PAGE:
MORE than half of GPs believe patients should pay to see their doctors, a survey has found.
Family doctors in Scotland already earn more than £89,000 and those south of the Border are paid even more.
But many said charging fees of up to £25 a time for routine visits were the only way of managing their workload and curbing rising patient demand.
The fact that health professionals at the sharp end of the NHS want to introduce charges is a serious blow to the principle that care should be available free at the point of need.
The survey by Pulse magazine found 51 per cent of family doctors polled would support charging for GP appointments, while 36 per cent were opposed.
The mood has changed dramatically since September last year when a similar survey found just 34 per cent of GPs backing fees. The magazine said the switch of view suggested many GPs were ready to consider drastic solutions to reduce their growing workload.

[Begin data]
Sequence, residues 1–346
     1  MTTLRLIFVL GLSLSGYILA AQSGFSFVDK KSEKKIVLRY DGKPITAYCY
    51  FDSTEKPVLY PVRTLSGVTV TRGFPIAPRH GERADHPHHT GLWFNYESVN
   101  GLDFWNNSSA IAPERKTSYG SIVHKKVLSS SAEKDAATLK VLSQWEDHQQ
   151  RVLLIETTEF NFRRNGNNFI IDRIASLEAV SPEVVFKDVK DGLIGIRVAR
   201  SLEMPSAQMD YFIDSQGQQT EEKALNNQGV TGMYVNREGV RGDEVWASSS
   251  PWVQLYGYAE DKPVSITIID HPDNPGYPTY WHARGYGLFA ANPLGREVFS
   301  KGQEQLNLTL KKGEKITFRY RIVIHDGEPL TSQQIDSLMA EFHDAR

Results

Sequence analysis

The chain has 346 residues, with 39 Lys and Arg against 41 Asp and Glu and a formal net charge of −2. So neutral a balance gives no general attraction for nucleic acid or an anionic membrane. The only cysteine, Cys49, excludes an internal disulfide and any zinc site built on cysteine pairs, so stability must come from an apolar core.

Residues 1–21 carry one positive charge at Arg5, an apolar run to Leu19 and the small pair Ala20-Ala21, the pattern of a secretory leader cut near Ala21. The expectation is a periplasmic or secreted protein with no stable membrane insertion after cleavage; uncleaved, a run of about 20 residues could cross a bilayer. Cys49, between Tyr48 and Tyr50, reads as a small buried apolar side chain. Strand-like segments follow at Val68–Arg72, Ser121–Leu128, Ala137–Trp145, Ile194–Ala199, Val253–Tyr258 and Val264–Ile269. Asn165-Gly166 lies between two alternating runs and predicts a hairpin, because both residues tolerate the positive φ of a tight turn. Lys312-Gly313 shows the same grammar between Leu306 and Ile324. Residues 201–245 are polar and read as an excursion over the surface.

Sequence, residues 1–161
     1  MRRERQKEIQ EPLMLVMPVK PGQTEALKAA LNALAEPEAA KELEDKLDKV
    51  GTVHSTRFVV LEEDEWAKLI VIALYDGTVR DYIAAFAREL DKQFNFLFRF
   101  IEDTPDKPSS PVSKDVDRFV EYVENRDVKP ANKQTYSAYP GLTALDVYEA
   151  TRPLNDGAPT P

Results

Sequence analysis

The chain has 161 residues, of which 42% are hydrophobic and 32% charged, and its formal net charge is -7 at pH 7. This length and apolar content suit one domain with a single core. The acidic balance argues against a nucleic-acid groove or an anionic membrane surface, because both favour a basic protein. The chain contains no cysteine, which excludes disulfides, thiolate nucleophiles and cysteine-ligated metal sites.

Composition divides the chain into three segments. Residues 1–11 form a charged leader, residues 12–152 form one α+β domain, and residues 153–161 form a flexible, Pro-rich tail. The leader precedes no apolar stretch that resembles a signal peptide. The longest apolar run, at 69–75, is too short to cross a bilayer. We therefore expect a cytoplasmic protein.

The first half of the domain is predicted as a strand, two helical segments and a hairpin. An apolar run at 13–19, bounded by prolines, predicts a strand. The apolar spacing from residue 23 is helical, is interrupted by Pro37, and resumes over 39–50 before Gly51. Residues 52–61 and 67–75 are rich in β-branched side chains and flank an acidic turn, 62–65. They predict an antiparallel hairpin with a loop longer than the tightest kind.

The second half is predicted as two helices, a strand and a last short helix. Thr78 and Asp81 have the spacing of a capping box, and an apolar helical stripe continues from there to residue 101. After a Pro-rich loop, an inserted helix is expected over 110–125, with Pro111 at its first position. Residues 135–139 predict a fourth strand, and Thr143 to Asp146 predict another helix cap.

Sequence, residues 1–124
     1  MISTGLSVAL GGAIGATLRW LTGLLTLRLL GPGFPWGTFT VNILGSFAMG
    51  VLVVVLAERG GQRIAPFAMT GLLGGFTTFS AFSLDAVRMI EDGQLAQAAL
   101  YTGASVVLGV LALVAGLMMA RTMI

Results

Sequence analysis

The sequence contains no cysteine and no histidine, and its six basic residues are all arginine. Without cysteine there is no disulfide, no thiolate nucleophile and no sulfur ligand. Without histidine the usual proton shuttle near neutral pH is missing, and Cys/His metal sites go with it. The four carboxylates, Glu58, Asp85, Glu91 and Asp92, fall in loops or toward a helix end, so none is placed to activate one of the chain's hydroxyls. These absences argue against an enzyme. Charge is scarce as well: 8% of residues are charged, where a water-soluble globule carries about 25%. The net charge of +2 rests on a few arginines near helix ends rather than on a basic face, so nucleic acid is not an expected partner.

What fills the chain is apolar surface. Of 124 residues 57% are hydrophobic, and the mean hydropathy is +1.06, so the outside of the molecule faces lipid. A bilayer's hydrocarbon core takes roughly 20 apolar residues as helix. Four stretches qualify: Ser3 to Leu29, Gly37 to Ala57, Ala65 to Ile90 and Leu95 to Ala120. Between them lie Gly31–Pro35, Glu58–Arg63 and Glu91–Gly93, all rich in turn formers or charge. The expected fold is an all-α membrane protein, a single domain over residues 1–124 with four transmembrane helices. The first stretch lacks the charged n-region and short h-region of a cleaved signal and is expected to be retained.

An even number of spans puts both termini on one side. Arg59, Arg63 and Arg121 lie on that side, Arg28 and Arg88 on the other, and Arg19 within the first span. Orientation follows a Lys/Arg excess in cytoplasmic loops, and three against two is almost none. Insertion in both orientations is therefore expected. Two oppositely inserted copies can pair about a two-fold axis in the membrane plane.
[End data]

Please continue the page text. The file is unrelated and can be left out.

Pulse editor Steve Nowottny said the survey had uncovered a frustrated profession.
He said: “If GPs are backing this, it is likely they are doing so reluctantly. They are seeing patients every day who perhaps they don’t need to see or who could be dealt with elsewhere in the health service, so they believe a small fee would discourage patients from attending unless they really needed to.
“From what GPs have been telling us, what this really represents is not that they necessarily want to charge patients – most GPs are very committed to the NHS being free at the point of delivery. But there is a real feeling that patient demand is becoming unmanageable at the same time as GP workload has gone up.”
Figures for 2011-12 show average pay for GPs was £89,300 in Scotland and £107,700 in England.
Dr Chaand Nagpaul, chair of the BMA GP committee, said: “Charging patients to visit their GP would be a damaging and backward step that would undermine the very principles on which the NHS was founded. I would also be concerned that trust between patients and their GPs would be undermined.”